I’ve seldom, if ever, been happier to have been wrong. I bought the idea that Biden’s unpopularity and the worst inflation in 40 years would give rise to a red wave. Instead, the resounding defeat of nearly all major MAGA candidates is an exaltation of the resilience of American democracy.

What’s particularly remarkable — epitomizing the notion that democracy is the worst form of government except for all the others — is that probably the most important single author of these wonderfully unexpected election results is someone reviled by most of those who are celebrating these results: Justice Samuel Alito.

Contrary to another piece of mistaken conventional wisdom — that Alito and his colleagues in the Dobbs majority are an authoritarian cabal seeking to legislate American morality from the bench (if they were that, they would have ruled that the unborn are “persons” under the 14th Amendment and that the Constitution therefore protects their lives) — Alito meant what he said about returning the question of abortion rights to the democratic process. These elections show that’s exactly what happened.

Pennsylvania data, for example, shows abortion is as much a priority for voters as inflation, and shows higher than expected turnout of young female voters.

But once the dust settles and all the vote counting is done, even in the Georgia runoff, what’s next?

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A few thoughts:

1. I would like to believe we have turned the page on, or are about to turn the page on, both Trump and the MAGA movement. I welcome the growing legion of “Never Trumpers Again” — people, including colleagues of mine, who once made millions by supporting Trump and mocked me and my fellow OG Never Trumpers. It’s not at all clear, however, that their deathbed conversion will really matter.

2. While there was no red wave, it looks like Republicans have handily won the popular vote nationally in the midterm — a sharp turnaround from 2018 — and made major gains among Latino and Asian voters, moving towards cementing a cross-racial, non-college coalition.

3. Nothing about these results changes or lightens the rock the Democrats are still trying to pull up the metaphorical hill. There’s widespread belief, among non-college educated voters in particular, that the Democratic party has lost its mind and is gripped by an extreme ideology.

Though a decisive group of swing voters thankfully preferred it this time over the pro-coup, pro-Putin MAGA supporters, the Democratic Party today remains for many the party that wants to use your tax dollars to pay for the sex change surgeries of illegal alien criminals serving time in federal prisons, then release them and use more of your tax dollars to make sure these folks don’t have to pay for student loans to become your five year old’s kindergarten teacher.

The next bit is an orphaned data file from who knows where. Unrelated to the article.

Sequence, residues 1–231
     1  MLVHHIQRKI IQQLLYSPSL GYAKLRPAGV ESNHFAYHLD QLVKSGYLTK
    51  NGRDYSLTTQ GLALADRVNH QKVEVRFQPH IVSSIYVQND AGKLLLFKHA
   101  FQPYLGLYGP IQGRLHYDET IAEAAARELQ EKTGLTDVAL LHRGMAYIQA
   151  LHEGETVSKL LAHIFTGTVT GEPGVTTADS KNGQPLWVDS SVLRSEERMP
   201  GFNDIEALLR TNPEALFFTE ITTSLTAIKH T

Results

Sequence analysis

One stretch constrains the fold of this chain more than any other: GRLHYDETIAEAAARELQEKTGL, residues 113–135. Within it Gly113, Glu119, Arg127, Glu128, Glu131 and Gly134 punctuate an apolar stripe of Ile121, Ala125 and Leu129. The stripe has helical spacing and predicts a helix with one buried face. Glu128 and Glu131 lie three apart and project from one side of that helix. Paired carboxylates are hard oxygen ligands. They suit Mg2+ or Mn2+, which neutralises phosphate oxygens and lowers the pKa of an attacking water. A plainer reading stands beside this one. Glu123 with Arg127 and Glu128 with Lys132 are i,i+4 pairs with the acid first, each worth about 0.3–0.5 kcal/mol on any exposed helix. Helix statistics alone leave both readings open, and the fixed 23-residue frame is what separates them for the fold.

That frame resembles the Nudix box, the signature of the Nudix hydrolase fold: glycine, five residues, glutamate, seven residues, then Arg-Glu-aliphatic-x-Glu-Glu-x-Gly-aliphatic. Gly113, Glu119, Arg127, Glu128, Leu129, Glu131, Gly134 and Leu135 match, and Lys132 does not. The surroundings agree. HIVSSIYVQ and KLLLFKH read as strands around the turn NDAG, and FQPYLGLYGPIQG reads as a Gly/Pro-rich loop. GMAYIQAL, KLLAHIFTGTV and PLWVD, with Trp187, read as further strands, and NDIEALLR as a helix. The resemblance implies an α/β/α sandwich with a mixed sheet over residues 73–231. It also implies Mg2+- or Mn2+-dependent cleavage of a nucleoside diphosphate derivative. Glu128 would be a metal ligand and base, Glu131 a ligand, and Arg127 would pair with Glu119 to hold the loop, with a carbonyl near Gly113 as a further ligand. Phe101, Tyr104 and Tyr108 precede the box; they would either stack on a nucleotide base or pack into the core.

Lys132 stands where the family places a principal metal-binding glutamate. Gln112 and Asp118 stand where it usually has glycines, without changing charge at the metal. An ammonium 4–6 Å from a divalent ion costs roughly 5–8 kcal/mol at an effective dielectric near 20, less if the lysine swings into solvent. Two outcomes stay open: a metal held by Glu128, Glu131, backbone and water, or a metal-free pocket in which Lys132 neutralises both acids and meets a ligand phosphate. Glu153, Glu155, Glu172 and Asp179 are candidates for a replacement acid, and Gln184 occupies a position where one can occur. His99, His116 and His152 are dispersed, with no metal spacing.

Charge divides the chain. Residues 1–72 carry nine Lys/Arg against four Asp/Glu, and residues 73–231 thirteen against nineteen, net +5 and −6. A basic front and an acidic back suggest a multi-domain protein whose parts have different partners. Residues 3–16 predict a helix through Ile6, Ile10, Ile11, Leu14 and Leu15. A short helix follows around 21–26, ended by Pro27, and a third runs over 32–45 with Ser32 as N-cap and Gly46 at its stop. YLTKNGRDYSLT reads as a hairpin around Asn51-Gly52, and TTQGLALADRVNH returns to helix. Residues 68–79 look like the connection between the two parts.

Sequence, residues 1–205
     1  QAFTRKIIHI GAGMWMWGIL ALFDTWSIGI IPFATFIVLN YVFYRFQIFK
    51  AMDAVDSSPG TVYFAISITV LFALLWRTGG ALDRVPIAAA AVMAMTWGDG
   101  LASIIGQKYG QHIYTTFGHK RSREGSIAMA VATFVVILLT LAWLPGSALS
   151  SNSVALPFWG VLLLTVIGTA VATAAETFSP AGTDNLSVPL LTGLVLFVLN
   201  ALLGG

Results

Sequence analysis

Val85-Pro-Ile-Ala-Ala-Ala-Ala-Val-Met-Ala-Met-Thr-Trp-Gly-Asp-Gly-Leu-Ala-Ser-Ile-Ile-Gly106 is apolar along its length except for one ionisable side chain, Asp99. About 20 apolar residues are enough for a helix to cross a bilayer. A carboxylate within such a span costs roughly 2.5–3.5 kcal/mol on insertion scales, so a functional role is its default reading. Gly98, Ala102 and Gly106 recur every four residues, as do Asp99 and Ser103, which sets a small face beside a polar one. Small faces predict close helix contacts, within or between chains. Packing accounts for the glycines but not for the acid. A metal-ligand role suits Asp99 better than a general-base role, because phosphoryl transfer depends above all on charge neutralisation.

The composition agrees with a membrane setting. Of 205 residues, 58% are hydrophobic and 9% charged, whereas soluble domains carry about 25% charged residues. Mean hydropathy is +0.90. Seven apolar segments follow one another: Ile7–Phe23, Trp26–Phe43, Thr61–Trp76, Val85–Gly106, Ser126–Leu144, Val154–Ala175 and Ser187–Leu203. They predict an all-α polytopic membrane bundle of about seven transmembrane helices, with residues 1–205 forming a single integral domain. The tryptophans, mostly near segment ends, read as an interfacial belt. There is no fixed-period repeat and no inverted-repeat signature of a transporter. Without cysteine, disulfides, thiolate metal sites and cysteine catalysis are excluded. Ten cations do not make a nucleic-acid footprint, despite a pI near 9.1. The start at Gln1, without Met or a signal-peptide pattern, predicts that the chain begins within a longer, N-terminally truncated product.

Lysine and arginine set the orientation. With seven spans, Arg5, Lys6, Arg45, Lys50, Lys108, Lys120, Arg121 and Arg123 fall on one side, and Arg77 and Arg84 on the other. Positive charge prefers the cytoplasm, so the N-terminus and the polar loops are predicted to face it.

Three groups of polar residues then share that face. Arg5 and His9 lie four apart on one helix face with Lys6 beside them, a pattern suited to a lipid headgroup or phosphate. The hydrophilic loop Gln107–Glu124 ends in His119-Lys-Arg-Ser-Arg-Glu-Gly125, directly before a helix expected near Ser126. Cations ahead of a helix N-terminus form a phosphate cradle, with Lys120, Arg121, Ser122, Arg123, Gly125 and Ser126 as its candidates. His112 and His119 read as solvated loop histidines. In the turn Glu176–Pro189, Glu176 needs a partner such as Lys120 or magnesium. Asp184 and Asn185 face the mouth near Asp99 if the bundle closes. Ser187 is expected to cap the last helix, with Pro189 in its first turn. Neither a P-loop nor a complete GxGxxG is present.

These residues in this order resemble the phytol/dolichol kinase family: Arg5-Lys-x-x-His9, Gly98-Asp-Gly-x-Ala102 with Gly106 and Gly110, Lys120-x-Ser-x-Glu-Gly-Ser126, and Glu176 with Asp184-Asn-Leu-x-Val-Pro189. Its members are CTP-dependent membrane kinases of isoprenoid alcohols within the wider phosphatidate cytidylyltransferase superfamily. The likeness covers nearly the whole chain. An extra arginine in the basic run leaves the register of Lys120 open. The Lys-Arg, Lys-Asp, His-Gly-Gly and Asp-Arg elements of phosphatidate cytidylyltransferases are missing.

4. The results here in Pennsylvania only underscore the upcoming battle lines within the Democratic Party as they interpret their victories. Does the future belong to John Fetterman, a man of the party’s left, who managed to do better than expected among MAGA voters by changing the packaging of the Sanders/Warren/Squad pitch, rather than the policies? Or does it belong to Josh Shapiro, who ran on, in many respects, a “conservative” platform (tough on crime, pro fossil fuel development, open to school choice, etc.)?

With the keystone state and its metropolis likely to be a national bellwether once more in 2023, some of this is already taking shape in the upcoming Democratic primary for Philadelphia mayor and city council. Some candidates have wrapped themselves in the colors of the progressive movement, while others have tried to adopt more socially conservative values.

Overall, the midterms strengthened the guardrails of American democracy for ‘24, with the moderate to left coalition which elected Biden staying intact, despite facing the strong headwinds of widespread disapproval of the perceived quality of life impacts of Democratic governance the last two years. Let’s rejoice in that.

But the work needed to present candidates for which Americans can enthusiastically vote, rather than picking bad from worse, is still just getting started.

Craig Snyder is former Chief of Staff to the late Senator Arlen Specter. During the 2022 midterm elections, he was a Never Trump candidate in the Pennsylvania GOP Senatorial Primary and then Director of Republicans 4 Shapiro.

One thought on “Craig Snyder: My favorite mistake”

  1. I always thought that the Dobbs decision would cause a lot of eye-opening on the right. For too long, those who pandered to the right would spout anti-abortion rhetoric knowing that they’d never have to face the full wrath of the pro-abortion public because of the court decision in Roe & and in Casey. I also believe that many of them also proposed/passed legislation that would shine their anti-abortion credentials knowing full well that it wouldn’t pass court review. Now with Dobbs these same folks will have to face the voters on the issue and try to pass legislation that the majority of the voting public will be fine with. I wait to see how many now talk about the need for exceptions and being OK with abortion up to (fill in the blanK) weeks where before they all used to sound like mini-Mastrianos.

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